Occasionally dark spots or strands appear to float around in the field of vision – these are known as ‘floaters’ in the eyes. As the eye moves, they appear to move with it, drifting to a stop when the focus is no longer on them.

Eye floaters are caused by the clumping of tiny fibres within the vitreous fluid of the eye. These fibrous masses cast small shadows on the retina, which are observed as dark spots in the vision.

Common causes include the ageing process, migraines, myopia, medication and eye surgery or damage. Vision distortion may appear in the form of floaters or flashes.

Eye flashes are less common; however, they can sometimes be a sign of retinal detachment. Flashes of light that look like fireworks, lighting or twinkling lights in front of the eye may be caused by a disruption of the vitreous gel at the back of the eye, or a retinal tear or detachment. If these are seen, especially in conjunction with floaters, urgent medical attention is required to prevent further damage or loss of vision.

If the eye flashes are shimmering or flickering, in a zig-zag type of pattern, they can be due to an ocular migraine which may or may not be accompanied by a headache and will often cease, naturally, within half an hour.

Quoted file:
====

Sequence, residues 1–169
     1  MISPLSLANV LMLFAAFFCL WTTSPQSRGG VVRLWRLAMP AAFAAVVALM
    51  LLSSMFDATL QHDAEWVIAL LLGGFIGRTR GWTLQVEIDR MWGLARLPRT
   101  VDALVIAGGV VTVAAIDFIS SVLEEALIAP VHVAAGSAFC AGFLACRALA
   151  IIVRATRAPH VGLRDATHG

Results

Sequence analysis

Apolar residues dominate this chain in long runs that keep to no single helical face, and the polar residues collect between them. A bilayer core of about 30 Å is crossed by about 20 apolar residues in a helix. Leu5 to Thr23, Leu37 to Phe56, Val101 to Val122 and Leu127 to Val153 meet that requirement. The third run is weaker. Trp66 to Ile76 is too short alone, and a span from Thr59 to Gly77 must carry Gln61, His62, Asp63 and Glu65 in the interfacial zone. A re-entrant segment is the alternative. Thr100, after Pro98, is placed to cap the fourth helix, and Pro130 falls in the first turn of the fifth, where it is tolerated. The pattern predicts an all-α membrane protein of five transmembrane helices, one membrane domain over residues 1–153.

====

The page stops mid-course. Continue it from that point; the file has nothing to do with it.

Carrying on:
In most cases, floaters are harmless and will fade or go away on their own, too. If, however, they start to obstruct the vision, an optometrist may recommend a vitrectomy. This is where the debris is removed from the eye, surgically, along with the surrounding vitreous gel. The gel is replaced with a temporary solution until the eye regenerates and repairs.

Laser therapy is another possible treatment for floaters that have become difficult to live with. This aims to break up the fibres and reduce their effect on the eyesight.

Regular eye exams, eating a healthy diet and drinking plenty of water all help to keep the eyesight healthy and clear. Wearing eye protection for sports and physical activity, as well as good sunglasses and special glasses for screen work, also helps to keep the eyes in good condition and avoid vision problems.

If you are experiencing floaters in your eyes, pop in to Insight Optometrists for a thorough eye check today.

References:

  1. Eye Floaters – FAQ
    Dr André Horak, general ophthalmologist, cataract and vitreoretinal surgeon, Vision Eye Institute Mackay.
  2. How to Get Rid of Eye Floaters
    Ann Marie Griff, OD